Remodeling is inherently a sustainable business: existing homes are repaired, expanded, and upgraded rather than demolished and rebuilt. Reusing structural and finish materials reduces the impact on limited landfills.
Adding green construction practices to this existing sustainability is the next logical step for the remodeling industry.
Green Means Green — or sustainable — remodeling projects are ruled by four basic principles: healthy indoor environments, durable construction methods, energy efficiency, and resource efficiency. And everyone benefits from green remodeling. Owners of green homes report that their houses are cleaner and they have less trouble with allergies, their energy bills are lower, their home maintenance is reduced, and problems with mold and mildew decrease or are eliminated.
Green remodelers benefit by having happier and healthier clients providing referrals, and they have a better chance of avoiding mold claims because of their improved construction practices. Finally, everyone benefits because green remodeling reduces waste and energy consumption, conserving valuable natural resources.
Although not necessarily simple, green remodeling is not rocket science either; it is building science — the study of air flow, energy usage, and moisture migration, both indoor and outdoor — which provides us with the tools we need to make homes healthy, efficient, and durable.
When remodelers understand building science, they come to realize that green remodeling is basically just doing things right. And building it right often doesn't cost any extra, plus it pays off through reduced callbacks and warranty work.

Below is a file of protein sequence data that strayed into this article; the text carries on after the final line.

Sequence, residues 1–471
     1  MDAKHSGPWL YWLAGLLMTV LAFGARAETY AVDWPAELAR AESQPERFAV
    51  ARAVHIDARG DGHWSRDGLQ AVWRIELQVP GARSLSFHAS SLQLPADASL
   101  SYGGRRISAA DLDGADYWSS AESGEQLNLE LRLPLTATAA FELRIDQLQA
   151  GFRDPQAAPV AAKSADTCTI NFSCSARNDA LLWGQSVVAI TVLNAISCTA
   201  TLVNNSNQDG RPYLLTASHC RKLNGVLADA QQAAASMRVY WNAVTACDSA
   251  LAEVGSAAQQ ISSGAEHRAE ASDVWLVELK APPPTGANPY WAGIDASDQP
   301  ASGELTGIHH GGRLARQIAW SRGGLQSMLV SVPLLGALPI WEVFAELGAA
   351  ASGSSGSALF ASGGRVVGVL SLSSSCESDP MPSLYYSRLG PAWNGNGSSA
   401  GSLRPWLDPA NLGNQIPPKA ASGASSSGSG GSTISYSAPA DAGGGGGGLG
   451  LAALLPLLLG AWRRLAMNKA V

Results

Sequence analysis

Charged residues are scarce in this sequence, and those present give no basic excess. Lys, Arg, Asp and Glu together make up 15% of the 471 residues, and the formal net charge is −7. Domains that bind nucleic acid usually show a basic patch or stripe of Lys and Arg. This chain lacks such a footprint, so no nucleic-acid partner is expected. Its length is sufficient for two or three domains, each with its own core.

Theory to Practice More than 800,000 room additions alone were completed in the U.S. in 2003, the majority done by professional remodelers.
Every project that is not green is a missed opportunity. Each of these 800,000 homes will likely go 30 years before the next remodel. That is 24 million house-years of wasted energy and diminished health of the occupants. A few simple changes now could provide benefits for generations. Learning how to sell and deliver green remodeling will not only increase the number of sustainable homes, it will also improve your bottom line.
Yet there is a certain resistance to green remodeling from both professionals and consumers. Homeowners may want it, but are concerned that it is more expensive. Remodelers may want to deliver it, but don't always know how. Early adopters in the industry have found that it is possible to incorporate green remodeling profitably into their business operations.
Green products and technologies that were new or rare as recently as a few years ago are rapidly moving into the mainstream: tankless water heaters, spray foam and cellulose insulation, and high-efficiency HVAC filters are just a few examples. One green technique beginning to gain acceptance is insulated and sealed attics and crawlspaces. When these spaces are brought inside the building envelope, homes become more efficient, comfortable, and healthy; HVAC system size can be reduced; and labor-intensive manual air sealing of recessed lights and attic hatches is eliminated.
Sealed attics and crawlspaces have a proven performance record, but they run contrary to our traditional understanding of how buildings work. It will take a willingness among remodelers to incorporate new techniques such as these into their work to transform the industry and make green the standard.